After several months in private beta, Google's App Inventor for Android is now available for general use, so any business or individual can start using the technology to create Android apps of their own.
Previously open for testing only by invitation, the beta technology is now available through Google Labs to anyone with a Google account. The tool is designed to let anyone regardless of programming experience build their own, custom Android apps simply by dragging and dropping premade blocks of code.
To create apps with App Inventor for Android, users work in their computer's browser. Thanks to a live connection with the phone, however, their app appears there as well. A video on YouTube demonstrates the technology in action.
Apps created with App Inventor so far include vocabulary apps for children, SMS broadcasting apps for community events, apps that track a favorite public transportation route, and even a marriage proposal app, said Karen Parker, App Inventor program manager, on a Google blog Wednesday.
Other consumer-focused possibilities include using the phone's GPS-location sensor to build location-aware apps for such purposes as remembering where you parked your car, for example. Alternatively, an app could periodically text "missing you" to a user's loved ones, or integrate with the Web for mashup applications, as Google points out.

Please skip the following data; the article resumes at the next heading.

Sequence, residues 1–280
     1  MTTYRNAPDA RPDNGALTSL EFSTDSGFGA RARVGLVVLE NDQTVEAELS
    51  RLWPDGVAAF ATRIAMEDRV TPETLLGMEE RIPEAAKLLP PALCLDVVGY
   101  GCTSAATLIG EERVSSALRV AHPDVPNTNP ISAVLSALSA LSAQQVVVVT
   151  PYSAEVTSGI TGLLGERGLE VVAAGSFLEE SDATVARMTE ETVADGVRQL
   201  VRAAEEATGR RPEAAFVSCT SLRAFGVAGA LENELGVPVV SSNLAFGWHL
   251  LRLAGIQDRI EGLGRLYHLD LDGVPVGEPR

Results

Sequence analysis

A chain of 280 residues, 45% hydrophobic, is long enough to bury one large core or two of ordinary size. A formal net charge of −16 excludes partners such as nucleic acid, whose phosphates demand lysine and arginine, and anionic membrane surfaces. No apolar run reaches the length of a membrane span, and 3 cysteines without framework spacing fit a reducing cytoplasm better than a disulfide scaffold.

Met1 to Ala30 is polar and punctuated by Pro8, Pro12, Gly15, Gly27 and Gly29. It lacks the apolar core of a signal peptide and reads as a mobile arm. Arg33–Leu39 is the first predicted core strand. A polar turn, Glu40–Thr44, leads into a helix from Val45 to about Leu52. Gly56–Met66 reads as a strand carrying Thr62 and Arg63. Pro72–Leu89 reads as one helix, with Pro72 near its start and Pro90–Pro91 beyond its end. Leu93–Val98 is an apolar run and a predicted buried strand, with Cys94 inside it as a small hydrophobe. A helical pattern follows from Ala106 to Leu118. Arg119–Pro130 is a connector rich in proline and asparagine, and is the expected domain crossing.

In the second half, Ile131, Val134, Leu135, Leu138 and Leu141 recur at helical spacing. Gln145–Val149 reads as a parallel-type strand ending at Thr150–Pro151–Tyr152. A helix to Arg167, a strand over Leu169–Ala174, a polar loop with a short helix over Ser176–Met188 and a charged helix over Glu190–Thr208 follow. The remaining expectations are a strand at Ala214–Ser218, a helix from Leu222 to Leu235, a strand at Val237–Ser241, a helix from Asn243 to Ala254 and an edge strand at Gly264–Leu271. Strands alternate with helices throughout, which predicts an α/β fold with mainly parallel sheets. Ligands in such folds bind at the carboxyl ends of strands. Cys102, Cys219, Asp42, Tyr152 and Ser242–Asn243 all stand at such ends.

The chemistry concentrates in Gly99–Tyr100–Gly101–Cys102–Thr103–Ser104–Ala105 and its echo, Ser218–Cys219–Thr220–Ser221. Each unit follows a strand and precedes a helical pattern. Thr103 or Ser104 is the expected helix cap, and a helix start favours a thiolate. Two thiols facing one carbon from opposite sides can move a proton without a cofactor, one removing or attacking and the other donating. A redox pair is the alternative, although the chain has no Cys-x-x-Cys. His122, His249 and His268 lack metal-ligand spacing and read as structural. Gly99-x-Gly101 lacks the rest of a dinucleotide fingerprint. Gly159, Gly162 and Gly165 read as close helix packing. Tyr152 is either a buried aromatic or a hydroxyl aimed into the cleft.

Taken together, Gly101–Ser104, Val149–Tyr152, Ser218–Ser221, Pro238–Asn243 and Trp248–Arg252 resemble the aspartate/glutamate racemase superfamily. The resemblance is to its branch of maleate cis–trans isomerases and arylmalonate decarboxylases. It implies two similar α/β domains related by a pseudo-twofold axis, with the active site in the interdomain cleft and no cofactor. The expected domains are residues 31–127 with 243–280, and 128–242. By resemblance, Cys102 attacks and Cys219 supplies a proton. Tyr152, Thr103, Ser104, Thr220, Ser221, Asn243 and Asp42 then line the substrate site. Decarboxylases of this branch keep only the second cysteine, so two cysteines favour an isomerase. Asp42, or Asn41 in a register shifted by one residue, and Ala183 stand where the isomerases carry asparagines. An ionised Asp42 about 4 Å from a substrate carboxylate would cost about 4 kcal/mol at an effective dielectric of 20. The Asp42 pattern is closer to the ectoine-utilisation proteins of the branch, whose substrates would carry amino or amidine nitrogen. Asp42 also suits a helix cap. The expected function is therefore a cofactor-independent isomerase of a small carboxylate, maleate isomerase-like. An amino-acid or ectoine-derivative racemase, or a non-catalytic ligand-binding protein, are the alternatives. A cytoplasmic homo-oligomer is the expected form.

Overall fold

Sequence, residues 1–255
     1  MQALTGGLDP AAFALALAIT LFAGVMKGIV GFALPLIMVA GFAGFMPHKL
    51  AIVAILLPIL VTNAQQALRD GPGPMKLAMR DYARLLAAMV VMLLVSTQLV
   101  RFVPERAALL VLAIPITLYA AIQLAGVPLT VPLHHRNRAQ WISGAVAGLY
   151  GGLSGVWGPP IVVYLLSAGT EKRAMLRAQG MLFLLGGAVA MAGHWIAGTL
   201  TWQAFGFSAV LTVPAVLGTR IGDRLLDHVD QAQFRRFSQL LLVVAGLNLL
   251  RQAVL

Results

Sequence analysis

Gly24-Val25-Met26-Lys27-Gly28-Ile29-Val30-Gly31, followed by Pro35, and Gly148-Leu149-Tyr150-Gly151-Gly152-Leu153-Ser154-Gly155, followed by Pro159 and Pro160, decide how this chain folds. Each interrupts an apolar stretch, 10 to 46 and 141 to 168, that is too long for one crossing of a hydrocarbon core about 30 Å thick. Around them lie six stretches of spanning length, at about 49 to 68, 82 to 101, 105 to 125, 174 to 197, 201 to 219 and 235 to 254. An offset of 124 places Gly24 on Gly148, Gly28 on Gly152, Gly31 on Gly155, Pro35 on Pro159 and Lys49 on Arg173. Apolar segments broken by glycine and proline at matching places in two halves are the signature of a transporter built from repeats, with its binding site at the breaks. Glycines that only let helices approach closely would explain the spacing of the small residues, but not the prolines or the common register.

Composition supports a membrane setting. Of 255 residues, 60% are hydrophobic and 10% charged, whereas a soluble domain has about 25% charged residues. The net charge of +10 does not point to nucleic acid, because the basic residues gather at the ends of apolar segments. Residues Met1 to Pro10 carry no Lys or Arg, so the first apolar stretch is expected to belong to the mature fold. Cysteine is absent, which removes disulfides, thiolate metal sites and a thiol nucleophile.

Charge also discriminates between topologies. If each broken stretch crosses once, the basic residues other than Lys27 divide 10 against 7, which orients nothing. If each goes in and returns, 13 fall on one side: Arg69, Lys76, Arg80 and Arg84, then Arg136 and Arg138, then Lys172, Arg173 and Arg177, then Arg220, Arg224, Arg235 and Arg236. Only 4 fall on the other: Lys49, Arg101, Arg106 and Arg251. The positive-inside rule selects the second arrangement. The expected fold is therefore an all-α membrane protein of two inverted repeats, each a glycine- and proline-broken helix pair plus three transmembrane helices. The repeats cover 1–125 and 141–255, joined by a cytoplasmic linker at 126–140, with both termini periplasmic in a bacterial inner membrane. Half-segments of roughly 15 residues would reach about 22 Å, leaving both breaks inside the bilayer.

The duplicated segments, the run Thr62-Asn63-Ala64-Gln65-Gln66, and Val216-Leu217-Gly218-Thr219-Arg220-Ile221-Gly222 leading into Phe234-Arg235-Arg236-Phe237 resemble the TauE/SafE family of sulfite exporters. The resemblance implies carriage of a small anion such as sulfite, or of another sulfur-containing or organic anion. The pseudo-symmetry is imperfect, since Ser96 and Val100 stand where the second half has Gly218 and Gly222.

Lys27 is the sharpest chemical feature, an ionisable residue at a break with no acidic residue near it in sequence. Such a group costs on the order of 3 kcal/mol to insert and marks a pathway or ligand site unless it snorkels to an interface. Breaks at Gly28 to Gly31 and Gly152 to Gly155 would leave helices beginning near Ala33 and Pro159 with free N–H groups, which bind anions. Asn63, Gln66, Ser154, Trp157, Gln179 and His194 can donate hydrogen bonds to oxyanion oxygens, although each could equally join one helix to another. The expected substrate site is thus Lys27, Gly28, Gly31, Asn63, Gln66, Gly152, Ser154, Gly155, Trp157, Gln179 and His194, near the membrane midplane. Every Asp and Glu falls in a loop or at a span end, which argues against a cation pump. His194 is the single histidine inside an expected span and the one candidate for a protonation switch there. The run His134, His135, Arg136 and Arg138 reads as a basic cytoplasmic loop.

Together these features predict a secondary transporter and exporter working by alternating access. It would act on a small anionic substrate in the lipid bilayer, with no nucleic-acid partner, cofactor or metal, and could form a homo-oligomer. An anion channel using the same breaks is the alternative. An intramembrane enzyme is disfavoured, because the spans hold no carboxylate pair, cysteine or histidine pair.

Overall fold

Scanning the Competition
While some have argued that App Inventor could overload the Android Market with junk applications, I believe the openness and user control it provides will be a key strength working in Android's favour -particularly when contrasted with the iron-fisted restrictiveness Apple maintains over its own app selection.
Combined with Android's superior app security and other advantages, that openness and control will be key not just for individual users but perhaps even more so for businesses.
With App Inventor, your business could tap the technology's GPS-location sensor to create a custom tour app of your business or even your local supply chain, for example. For employees on the road, you could make one that responds to all incoming texts with a message that reads, "Sorry, I'm driving and will contact you later." With Android's text-to-speech capabilities, meanwhile, you can even have the phone read incoming texts aloud.
Apps could be created to manage employees' timesheets or expense reports, or to send custom reminders about meetings and deadlines. And how about business intelligence? An app could keep tabs on competitors' Web sites and alert you to key changes.
No 'Walled Garden' Here
The sky is the limit with functionality like this, in other words, and that's why it is so powerful and a compelling argument for Android: No more waiting for someone else to create the apps you and your business need.
Those who don't mind being told what to do and how to do it in Apple's "walled garden" are welcome to stay there. For the rest of us--and especially businesses the wide-open world of Android is looking better and better.
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